Yesterday Ashlee and I did our second webinar in the Business with Heart series and once again it was SO incredible to see how much support and enthusiasm it received. The Business with Heart webinar series is our first ever and is absolutely free. It was developed for photographers and other creative entrepreneurs and there is such an amazing mix of women from all over the US in all kinds small businesses represented in our awesome group of attendees. I wanted to share with you the recording from yesterday’s session (at the bottom).
We believe that a Business with Heart is defined by the presence of two things 1) it is founded upon a set of passions that is unique to you and is not a separate entity but an extension of who you are as a person. 2) It is a business with a very clear personal mission out of which all decisions both creative and logistical are made. This webinar presses into those two area, self discovery and developing a clarified mission!
It’s not too late to register for the last two webinars in the series! To listen to the recording to the week 1 webinar and to register for the remaining webinars in the series visit the webinar page on the Essentials workshop site!
Also, we are two weeks out from the Business and Branding Essentials workshop on March 2 here in Tampa and there are a few seats left. If you listen through the end of the webinar we have a special announcement for you relating to the upcoming workshop that you won’t want to miss!!! YAY!
And if you are enjoying this webinar please share it and spread the love!
Ashlee and I were SO blessed by the amazing 70+ women who joined us for the Business with Heart free webinar series today. In my mind, I had planned to spend the hour before the workshop clearing my head, getting mentally organized and stepping with clarity into the content that we had put so much thought and prayer into. The reality, of course , was that with two sick kids in need of naps, no babysitter and a morning full of busy mothering, I entered the webinar a bit frazzled, in need of my work-from-home-husband to pinch hit for me with the kids, and I’m pretty sure I smelled like Vera’s last diaper had somehow “left its mark” on my shirt. True story.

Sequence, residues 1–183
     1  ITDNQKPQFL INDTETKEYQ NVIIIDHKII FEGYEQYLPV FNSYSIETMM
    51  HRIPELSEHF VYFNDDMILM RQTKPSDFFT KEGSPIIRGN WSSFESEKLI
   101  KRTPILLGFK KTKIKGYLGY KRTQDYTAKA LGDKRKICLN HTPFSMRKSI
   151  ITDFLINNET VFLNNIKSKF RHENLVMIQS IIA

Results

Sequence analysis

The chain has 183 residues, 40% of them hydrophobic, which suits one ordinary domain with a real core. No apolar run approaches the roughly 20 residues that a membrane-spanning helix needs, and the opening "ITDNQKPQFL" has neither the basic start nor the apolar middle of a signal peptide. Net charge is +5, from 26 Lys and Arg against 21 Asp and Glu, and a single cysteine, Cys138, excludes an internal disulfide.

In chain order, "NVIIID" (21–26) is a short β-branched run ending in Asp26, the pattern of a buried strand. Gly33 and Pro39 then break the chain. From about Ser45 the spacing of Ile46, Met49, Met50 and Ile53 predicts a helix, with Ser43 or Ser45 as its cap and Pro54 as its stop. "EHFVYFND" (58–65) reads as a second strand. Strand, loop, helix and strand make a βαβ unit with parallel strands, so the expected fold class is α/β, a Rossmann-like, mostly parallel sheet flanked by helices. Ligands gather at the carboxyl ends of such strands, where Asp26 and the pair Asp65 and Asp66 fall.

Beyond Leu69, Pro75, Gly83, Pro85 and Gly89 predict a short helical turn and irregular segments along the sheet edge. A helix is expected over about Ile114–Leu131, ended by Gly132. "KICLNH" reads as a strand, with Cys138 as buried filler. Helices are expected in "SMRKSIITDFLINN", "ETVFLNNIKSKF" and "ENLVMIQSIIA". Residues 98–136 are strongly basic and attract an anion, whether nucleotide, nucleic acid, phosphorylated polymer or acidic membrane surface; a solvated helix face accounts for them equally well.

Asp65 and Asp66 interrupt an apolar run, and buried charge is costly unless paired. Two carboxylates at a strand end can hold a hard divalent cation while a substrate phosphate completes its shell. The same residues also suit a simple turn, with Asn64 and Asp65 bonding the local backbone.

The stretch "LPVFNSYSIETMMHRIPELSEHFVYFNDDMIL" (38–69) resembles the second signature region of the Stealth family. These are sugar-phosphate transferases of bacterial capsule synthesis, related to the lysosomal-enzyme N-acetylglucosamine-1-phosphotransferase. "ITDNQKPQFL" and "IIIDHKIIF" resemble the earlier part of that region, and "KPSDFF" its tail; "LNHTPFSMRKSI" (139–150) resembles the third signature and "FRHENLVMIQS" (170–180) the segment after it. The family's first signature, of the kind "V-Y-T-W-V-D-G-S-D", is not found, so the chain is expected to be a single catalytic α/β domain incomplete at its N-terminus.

But Ashlee said it best…we have been preparing for this webinar series, and the Essential’s Workshop, our whole lives…we just didn’t realize it. This series and the corresponding workshop are just the outpouring of a million conversations had, hundreds of (often tearful) phone calls exchanged and the constant challenging each other to live with intention in life and in business over the past 8 years of our friendship. Today we talked about priorities and about what is at the heart of each of those priorities and where our business fits in to all of that. We talked about where our hearts are at and some of the challenges that we face as moms, business owners and creatives. We talked about the urgent vs. the important and about intentionally pressing into the important in our lives. We talked about how our priorities affect the way we run our businesses and hopefully in the midst of all of that we encouraged and challenged someone. This was one of my favorite quotes from today…”That was the day she made herself the promise to live more from intention and less from habit.” I know myself and if I don’t have an intentional plan for my days, my weeks, my year and my business then I spend a whole lot of time being busy and frustrated and feeling like I am never really getting ahead. Maybe you know what that feels like.